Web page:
Step 9: give reasons. The court must give reasons for the sentence imposed.
In view of the above, there is a range of factors that can be taken into consideration when identifying the relevant starting point and any upward or downward adjustments that can properly be made to determine the final sanction imposed. As part of this process, and pursuant to conflicting case law, the court can in, specific circumstances, take into consideration the resources and finances of any parent associated companies.
As mentioned, the court will have regard to the potential for harm to be caused as opposed to their being a need for actual harm. Thus, the extent of these seemingly hypothetical risks, and any relevant mitigating features, will undoubtedly become a contested point, likely to lead to prolonged sentencing hearings involving the introduction of expert evidence.
Implications for the construction industry:
The construction industry, by virtue of the nature of work it entails, is more vulnerable than most industries when it comes to fines for health and safety offences. There has been an array of notable cases with large fines in the construction sector since the implementation of the sentencing guidelines. They include:
£2.8m fine imposed on Costain and Galliford Try in September 2019 after a worker lost toes in an accident on a water project in March 2015. The worker’s foot became trapped during work upgrading a water treatment works in Cheshire. The HSE investigation found that both companies had failed to properly plan and manage the commissioning work, and each was fined £1,400,000 and ordered to pay a total of £101,046.20 in costs.
£2.6m fine imposed on Balfour Beatty in May 2016 after an employee was killed when he became trapped in a trench after it collapsed on him. The fine was given after James Sim, 32, was killed working under subcontract for Balfour Beatty Utility Solutions on 14 April 2010.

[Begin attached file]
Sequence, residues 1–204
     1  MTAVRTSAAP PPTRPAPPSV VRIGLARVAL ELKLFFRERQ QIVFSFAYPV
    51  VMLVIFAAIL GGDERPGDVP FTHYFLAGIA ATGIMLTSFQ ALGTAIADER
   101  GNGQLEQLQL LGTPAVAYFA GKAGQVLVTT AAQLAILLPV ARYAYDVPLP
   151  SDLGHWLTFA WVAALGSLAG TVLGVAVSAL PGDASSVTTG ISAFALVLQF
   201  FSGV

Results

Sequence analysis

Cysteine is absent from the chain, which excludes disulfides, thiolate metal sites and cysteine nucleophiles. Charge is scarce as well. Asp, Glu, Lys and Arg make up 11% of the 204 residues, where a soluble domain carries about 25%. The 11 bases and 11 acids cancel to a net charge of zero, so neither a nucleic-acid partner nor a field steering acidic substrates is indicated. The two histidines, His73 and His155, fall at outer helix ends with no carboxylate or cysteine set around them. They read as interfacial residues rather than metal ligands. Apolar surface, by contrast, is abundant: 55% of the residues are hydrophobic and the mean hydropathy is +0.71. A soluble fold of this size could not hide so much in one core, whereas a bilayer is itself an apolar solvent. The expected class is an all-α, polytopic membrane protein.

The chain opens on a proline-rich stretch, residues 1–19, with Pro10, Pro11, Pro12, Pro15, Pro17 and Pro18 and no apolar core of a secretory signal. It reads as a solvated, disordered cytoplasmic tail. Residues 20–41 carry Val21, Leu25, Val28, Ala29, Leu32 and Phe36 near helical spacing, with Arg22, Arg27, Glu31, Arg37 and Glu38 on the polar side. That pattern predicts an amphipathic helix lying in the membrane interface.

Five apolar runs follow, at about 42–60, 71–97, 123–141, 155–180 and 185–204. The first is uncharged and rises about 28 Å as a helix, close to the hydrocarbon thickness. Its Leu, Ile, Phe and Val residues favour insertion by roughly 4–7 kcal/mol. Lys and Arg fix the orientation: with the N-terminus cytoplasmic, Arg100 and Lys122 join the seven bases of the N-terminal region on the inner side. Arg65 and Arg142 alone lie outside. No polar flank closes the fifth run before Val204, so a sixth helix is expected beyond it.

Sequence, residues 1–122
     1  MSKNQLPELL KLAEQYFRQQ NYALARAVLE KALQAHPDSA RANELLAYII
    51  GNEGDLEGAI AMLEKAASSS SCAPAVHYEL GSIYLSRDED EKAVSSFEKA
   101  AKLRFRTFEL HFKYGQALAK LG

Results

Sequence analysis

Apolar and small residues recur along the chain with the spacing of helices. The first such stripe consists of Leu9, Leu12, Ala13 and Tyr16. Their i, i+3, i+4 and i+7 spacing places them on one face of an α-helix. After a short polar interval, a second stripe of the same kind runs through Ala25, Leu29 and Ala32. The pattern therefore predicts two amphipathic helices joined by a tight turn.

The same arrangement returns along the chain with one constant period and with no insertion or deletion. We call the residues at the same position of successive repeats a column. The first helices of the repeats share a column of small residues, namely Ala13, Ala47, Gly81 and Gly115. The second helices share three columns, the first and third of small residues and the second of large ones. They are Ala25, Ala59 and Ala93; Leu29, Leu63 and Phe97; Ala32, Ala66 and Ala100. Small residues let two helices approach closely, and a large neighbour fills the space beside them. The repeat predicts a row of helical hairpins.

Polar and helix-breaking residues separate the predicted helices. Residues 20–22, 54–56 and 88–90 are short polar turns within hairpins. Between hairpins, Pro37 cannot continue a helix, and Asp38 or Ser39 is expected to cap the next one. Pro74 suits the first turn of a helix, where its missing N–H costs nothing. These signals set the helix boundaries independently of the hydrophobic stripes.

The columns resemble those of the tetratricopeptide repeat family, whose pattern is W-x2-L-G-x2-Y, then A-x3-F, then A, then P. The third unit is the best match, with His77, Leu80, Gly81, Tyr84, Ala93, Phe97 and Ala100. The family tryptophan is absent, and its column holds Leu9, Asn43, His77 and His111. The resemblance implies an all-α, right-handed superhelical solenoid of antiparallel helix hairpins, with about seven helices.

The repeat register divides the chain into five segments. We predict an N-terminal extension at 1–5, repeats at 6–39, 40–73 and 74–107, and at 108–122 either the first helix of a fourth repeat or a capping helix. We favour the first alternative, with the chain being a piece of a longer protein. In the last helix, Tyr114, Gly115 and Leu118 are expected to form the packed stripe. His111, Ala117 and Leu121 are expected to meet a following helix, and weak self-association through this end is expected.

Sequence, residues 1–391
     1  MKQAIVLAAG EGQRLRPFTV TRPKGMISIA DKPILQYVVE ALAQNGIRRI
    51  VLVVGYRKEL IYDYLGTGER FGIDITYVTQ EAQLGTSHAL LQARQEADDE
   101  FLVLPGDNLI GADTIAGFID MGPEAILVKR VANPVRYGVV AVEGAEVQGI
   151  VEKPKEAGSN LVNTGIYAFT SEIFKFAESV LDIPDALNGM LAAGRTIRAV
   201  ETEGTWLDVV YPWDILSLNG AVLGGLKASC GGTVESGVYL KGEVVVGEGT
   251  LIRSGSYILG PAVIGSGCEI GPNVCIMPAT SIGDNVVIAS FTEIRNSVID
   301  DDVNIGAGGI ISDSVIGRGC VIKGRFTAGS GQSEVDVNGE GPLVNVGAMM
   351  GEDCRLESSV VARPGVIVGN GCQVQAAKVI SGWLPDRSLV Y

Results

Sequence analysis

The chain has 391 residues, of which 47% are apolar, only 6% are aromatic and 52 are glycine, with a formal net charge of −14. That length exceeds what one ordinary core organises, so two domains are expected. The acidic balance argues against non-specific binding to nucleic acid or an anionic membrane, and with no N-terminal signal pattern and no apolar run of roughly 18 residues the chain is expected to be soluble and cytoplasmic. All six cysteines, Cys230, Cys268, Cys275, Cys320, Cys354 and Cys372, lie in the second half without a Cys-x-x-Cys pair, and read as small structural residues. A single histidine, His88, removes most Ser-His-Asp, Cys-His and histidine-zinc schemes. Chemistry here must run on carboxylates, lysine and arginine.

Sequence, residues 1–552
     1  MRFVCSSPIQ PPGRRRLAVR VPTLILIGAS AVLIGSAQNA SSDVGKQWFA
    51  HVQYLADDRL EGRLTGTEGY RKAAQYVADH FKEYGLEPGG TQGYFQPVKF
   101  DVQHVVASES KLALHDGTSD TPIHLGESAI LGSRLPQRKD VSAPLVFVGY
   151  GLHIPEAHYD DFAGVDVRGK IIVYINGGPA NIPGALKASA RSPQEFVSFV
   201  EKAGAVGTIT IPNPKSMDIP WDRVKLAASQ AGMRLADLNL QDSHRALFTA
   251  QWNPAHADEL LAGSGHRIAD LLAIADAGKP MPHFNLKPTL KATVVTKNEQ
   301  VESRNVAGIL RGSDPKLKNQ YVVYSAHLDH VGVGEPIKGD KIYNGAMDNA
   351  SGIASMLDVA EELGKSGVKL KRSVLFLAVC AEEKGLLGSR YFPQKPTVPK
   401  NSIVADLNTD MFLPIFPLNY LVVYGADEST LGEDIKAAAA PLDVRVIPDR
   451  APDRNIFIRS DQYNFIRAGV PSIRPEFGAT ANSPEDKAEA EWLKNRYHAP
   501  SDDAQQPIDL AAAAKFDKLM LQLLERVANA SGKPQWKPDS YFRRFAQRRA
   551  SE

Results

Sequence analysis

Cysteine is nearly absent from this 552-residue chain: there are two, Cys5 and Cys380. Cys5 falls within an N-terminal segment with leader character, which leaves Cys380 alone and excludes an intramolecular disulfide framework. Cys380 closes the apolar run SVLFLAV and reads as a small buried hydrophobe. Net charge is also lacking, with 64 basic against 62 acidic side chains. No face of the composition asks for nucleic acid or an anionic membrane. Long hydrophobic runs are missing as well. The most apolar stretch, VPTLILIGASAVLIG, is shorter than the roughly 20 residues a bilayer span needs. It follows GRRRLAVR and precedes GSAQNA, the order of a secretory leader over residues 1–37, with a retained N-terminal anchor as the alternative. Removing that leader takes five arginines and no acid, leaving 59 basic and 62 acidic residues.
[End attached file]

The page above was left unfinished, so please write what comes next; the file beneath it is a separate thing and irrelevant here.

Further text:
Kier MG was one of three contractors fined a total of £2m in December 2016 after Vincent Talbot suffered serious injuries when his leg was crushed when a trench collapsed on him in an incident at Fleet Street, Holbeach, Lincolnshire, on 9 March 2012.
The introduction of new and very clear step-by-step sentencing guidelines for courts has notably increased the size of fines for health and safety breaches. The guidelines link them to the size of the company, sending a very clear signal to businesses and organisations that they must give the highest priority to protecting human lives, or face severe consequences for failing to do so.
It is worthy to note that in addition to organisations being more vulnerable to increased fines for breaches of health and safety, custodial sentences for individuals are also now becoming more common. In addition to being liable for such a term of imprisonment, these individuals can also be penalised with a director disqualification (maximum period of 15 years), costs and victim surcharge payments.
A proactive approach:
Courts should follow the principles of sentencing when determining the fine and this considers the objectives of punishment, deterrence, and the removal of any gain through the commission of the offence. The potential for huge fines reflects the need to ensure that they are sufficiently substantial to have a real economic impact and encourage managers and shareholders to comply with health and safety law.